The Economics of Terrorism and Counterterrorism The recent terrorist attacks in Europe and the following public responses have shown that a thorough understanding of the root causes of terrorism is vital to find appropriate counter-measures against this threat. In this course, we approach terrorism and counter-terrorism from an economics perspective. Specifically, we discuss the advantages and limitations of rational-choice theory as a means to explain terrorism and derive recommendations regarding counter-terrorism measures. While rationalchoice theory is both a meaningful and practical method for this task, it nevertheless comes with several limitations. Therefore, we extend the analytical framework by applying behavioral and institutional models of terrorist actions and public responses as well. Furthermore, we carefully explain the steps from theory to testable hypotheses and empirical models in recent terrorism research, thereby discussing, among other things, data issues and the choice of appropriate empirical models (esp., the negative binomial regression model). Tim Krieger is since 2012 Wilfried Guth Professor of Constitutional Political Economy and Competition Policy at Albert-Ludwigs-University Freiburg. He holds a master degree in empirical economics from the University of Kiel, Germany, and received his Ph.D. in economics from the University of Munich, Germany. He worked an assistant or visiting professor at the Universities of Mainz, Marburg and Paderborn, Germany. He works mainly on economic, social and education policies in aging and globalizing societies with a special focus on the conflict-economic dimension of these developments. In addition, he is specialized in the economics of terrorism and crime. In these fields, he has published in several scholarly journals in both economics and political science (including Journal of Public Economics, Journal of Conflict Resolution and Journal of Peace Research).
JULY 11 - 15 PROF. THOMAS UNIVERSITY
Public Choice Development
This course will introduce students to key concepts of Public Choice as they relate to Economic Development. This includes analysis the benefits and costs of property rights and the rule of law for economic growth and human well-being. Students will present preassigned papers in class. Each student is expected to read all papers that will be presented prior to the presentation. This will assure a robust and informed class discussion. Thomas Stratmann is University Professor of Economics and Law at George Mason University. His primary research interests are political economy, fiscal policy, law and economics, health economics, and experimental economics. Dr. Stratmann has extensively written on these research topics and has published in journals such as the American Economic Review, American Journal of Political Science, American Political Science Review, Journal of Political Economy, Review of Economics and Statistics, and the Journal of Law and Economics. Dr. Stratmann received his BA from the Free University of Berlin and his MA and PhD in economics from the University of Maryland.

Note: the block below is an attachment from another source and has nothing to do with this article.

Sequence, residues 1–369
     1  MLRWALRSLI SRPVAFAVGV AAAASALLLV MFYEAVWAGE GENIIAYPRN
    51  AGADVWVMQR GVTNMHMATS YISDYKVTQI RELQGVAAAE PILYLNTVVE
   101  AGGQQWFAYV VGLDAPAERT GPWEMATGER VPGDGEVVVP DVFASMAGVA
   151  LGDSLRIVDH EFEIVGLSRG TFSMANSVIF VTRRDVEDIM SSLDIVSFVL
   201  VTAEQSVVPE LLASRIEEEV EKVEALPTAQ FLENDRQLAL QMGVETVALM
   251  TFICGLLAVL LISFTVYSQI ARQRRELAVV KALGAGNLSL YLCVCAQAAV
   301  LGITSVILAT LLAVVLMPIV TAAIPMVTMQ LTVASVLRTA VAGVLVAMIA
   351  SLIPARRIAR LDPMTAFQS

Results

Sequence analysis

UNLESS STATED OTHERWISE, COURSES WILL TAKE PLACE AT THE UNIVERSITY OF HAMBURG SEMINAR ROOM 1083A, VON-MELLE-PARK 5
ASSOCIATED EVENT JUNE 29 GÄSTEHAUS DER UNIVERSITÄT HAMBURG, ROTHENBAUMCHAUSSEE 34
European Doctorate in Law and E conomics Hamburg Conference 2016 EDLE Ph.D. candidates present their research projects. Each presentation is followed by a discussion with scholars in law and economics. Registration required.
Applications The Summer School provides a seminar atmosphere with groups not larger than 25 participants. Therefore, the number of places for each course is limited. To apply, please send your course preferences to Stephan Michel ([email protected]
) by May 17th. Participants will be informed shortly after.
PHOTO: UHH / Dechant, Beate Pietrek LAYOUT: Beate Pietrek
Materials and Housing Reading materials will be made accessible free of charge on the internet. We regret that the University of Hamburg cannot assist participants in finding accommodation.
Contact Stephan Michel Institute of Law and Economics Johnsallee 35 20148 Hamburg Tel: + 49 (0)40 42838 6780 Email: [email protected]
For updates on times and venues, please visit www.ile-hamburg.de
Graduate School ‘The Economics of the Internationalisation of the Law’ The Graduate School Programme ‘The Economics of the Internationalisation of the Law‘ is a structured PhD programme that is sponsored by the German Science Foundation (DFG), led by the Institute of Law and Economics in Hamburg and chaired by Prof. Dr. Stefan Oeter and Prof. Dr. Stefan Voigt. The programme combines an intense mentoring and teaching curriculum with high-level research on the economics of international law. The Graduate School is one of the first doctoral programmes in Europe to focus explicitly on an economic approach to international public and private law. This focus is made possible by a dedicated cooperation between leading experts in law, as well as in institutional and empirical economics. To this aim, the Graduate School cooperates with highly renowned institutions in these areas, such as the Max-Planck-Institute for Comparative and International Private Law, the Bucerius Law School and the faculties of both Law and Economics of the University of Hamburg. For more information, please visit www.ile-graduateschool.de
Graduate School in Law & Economics
European Doctorate in Law and Economics The European Doctorate in Law and Economics (EDLE) is offered by the f o u r partner universities, Bologna, Rotterdam, Haifa and Hamburg, in collaboration with the Indira Ghandi Institute of Development Research, Mumbai. Upon completion of the three-year study period the doctoral degree is awarded by each partner university. Doctorate candidates gain the unique opportunity for research in a field of growing importance in at least three different countries. They are prepared for careers in academia as well as for responsible positions in governmental institutions, research organizations, international law firms and consulting groups. The EDLE is partly sponsored by the German Federal Ministry of Education and Research (DAAD IPID line). In Hamburg, the programme is chaired by Prof. Dr. Stefan Voigt. Please visit www.edle-phd.eu